These punny titles will truly be the death of me. In theory, there's nothing wrong with them, but the problem is that they so often seem to privilege the bare existence of the pun over being anything more than very vaguely related to the story in question. Like they're just being mildly clever for their own sake. If someone asked you what this was about, you certainly wouldn't say, “oh, it's about the adventures of this cool, skateboarding mummy. He's wearing sunglasses, and he rocks out to surf music. It's great.” No, you would say “it's a story where Scrooge turns his Money Bin into a pyramid.” No question. Personally, I would've gone with the less-flashy but more to-the-point “The Pyramid Scheme,” and yes, I'm aware that that's the unofficial title of a Barks short, but that doesn't seem like a big problem. Maybe it was considered too obvious? Well, I like it. ANYWAY. Enough complaining.
(Ha—as if there can EVER be enough complaining!)
We can say beyond a shadow of a doubt that the reason for this story's existence is that Scarpa thought the idea of the Money Bin as a pyramid was striking, and he worked backwards to come up with a story to bring this vision to life. And...he wasn't wrong, I'll give him that much. In fact, I'll go further and note that it's actually a very thematically suggestive idea, given that a pyramid is a giant, ostentatious
silo mausoleum. It would be easy to argue that
this is essentially what the Money Bin is as well. Mind you, there's
no evidence to be found here that Scarpa was actually thinking about
any of this. It's really all just surface-level “Egyptian imagery
is fun” stuff. And, again, he's not wrong! But it does, perhaps,
point to his limitations as a writer.
Surprisingly...sparse narration box up there. I'd bet money that it's a more or less direct translation of the Italian (but in fact, there's no need—the scan of the original title page on inducks makes it clear that this is in fact the case). So there you have it! I mean, it's okay, I guess—hell, I'm used to reading French-language stories that are similarly unadorned—but nothin' wrong with punching it up a bit, I say.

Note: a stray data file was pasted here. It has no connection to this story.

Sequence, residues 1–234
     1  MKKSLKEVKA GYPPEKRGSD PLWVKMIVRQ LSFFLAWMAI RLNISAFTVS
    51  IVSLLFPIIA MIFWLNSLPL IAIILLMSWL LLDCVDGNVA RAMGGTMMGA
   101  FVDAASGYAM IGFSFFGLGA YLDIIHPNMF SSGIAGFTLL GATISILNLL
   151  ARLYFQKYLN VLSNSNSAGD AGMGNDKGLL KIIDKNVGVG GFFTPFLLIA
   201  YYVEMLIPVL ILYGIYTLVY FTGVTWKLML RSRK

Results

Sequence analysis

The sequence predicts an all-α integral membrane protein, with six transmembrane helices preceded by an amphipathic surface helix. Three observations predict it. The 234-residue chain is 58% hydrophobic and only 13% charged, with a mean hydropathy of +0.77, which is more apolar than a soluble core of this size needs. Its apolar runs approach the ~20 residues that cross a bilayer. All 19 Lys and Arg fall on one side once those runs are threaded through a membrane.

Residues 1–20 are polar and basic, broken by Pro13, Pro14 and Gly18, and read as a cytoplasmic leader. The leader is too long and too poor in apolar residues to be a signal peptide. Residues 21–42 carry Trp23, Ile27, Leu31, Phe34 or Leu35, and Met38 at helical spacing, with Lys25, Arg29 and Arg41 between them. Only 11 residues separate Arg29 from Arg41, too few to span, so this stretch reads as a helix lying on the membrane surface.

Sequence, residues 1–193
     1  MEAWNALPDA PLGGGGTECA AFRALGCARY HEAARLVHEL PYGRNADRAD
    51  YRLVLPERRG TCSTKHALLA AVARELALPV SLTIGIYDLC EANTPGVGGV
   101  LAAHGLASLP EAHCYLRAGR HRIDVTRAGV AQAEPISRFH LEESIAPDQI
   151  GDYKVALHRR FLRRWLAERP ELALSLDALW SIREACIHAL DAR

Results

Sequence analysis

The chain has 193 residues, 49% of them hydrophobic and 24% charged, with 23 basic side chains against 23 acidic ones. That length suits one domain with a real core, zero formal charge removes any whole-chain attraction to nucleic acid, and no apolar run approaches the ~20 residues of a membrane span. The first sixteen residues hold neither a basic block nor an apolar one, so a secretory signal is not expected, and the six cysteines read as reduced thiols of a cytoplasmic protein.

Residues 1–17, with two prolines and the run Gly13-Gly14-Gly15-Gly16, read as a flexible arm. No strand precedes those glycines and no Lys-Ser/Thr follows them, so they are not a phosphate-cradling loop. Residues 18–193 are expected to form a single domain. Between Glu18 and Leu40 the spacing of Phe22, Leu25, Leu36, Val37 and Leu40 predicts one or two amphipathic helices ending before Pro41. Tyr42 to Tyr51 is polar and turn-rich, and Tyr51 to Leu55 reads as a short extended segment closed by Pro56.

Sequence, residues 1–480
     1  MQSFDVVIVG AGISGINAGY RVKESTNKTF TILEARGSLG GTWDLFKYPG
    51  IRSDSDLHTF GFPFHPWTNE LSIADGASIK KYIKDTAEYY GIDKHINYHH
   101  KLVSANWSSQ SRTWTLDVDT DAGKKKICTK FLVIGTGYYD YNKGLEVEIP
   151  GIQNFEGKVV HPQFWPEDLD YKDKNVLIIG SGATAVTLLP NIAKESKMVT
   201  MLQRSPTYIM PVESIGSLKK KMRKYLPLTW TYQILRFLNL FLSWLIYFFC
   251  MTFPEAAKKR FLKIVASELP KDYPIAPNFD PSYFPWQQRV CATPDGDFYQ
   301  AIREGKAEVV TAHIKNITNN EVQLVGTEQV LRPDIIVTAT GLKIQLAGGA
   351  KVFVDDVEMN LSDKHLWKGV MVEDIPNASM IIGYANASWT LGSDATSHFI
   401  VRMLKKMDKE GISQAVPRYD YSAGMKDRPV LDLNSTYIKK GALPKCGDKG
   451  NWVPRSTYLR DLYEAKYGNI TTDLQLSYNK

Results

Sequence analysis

Right, so we open with the Woodchucks patrolling the Bin and doing maintenance. In a way, it's an interesting idea, and as Scarpa demonstrates, it's certainly possible to transfer the general Woodchuck aesthetic to Bin-level. They are nothing if not versatile. It sure doesn't have anything to do with anything, though. What's the purpose of them wasting their time like this? IT IS A MYSTERY!
...boy, how could anyone have seen THAT coming? The huge fucking box that's been there for like fifty years blocks the view of things on the other side? You'd have to be some kind of psychic to figure that out! Damn you, physical laws of the universe! This will never stand!
I like the way he helpfully identifies himself by name. I suppose he's not considered sufficiently well-known in the States that that could go unstated.
Look like just about everyone in the duckiverse is “emotionally reactive,” in that case. Still and all, though, that disguise is actually pretty good, as these things go.
So anyway, skipping a bit ahead, Rockerduck's dire warnings alarm Scrooge and dispose him poorly towards the Woodchucks. Breaking their banner in half really seems to be taking things to another level. If you ask me, the family drama is the most interesting thing in this story, though it's so underdeveloped that it never gets the chance to shine as it ought.
I also really like Donald in this story. He's not the butt of the joke that he often is in these seventies stories. Here we see him going to deal with Scrooge for being a huge asshole to HDL, as a good parent should.
Some good yellin' here. Scrooge is angry about the potential loss of his past; Donald about that of his nephews' future. There's a good contrast for you.
And the gears grind into motion! Awkwardly so, but it's hard to imagine a super-natural way of bringing this thoroughly ridiculous concept to fruition. Even granting that, though, it must be said that Donald's line that sparks the inspiration is notably non-responsive to Scrooge.